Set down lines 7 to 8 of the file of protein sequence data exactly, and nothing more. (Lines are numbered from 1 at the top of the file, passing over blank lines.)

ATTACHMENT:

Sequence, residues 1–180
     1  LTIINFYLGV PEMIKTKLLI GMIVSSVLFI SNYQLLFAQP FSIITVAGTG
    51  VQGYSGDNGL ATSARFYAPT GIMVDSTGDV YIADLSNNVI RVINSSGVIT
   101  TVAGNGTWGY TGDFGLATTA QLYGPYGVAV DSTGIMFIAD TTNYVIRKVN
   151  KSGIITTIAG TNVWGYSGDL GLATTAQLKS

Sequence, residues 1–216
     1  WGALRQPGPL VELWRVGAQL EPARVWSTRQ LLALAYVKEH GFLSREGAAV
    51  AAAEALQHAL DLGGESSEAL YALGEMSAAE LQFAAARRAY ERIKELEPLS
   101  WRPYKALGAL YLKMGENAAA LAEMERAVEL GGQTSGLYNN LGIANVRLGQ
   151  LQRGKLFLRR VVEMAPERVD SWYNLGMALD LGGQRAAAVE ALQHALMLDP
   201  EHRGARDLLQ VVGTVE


     1  WGALRQPGPL VELWRVGAQL EPARVWSTRQ LLALAYVKEH GFLSREGAAV
    51  AAAEALQHAL DLGGESSEAL YALGEMSAAE LQFAAARRAY ERIKELEPLS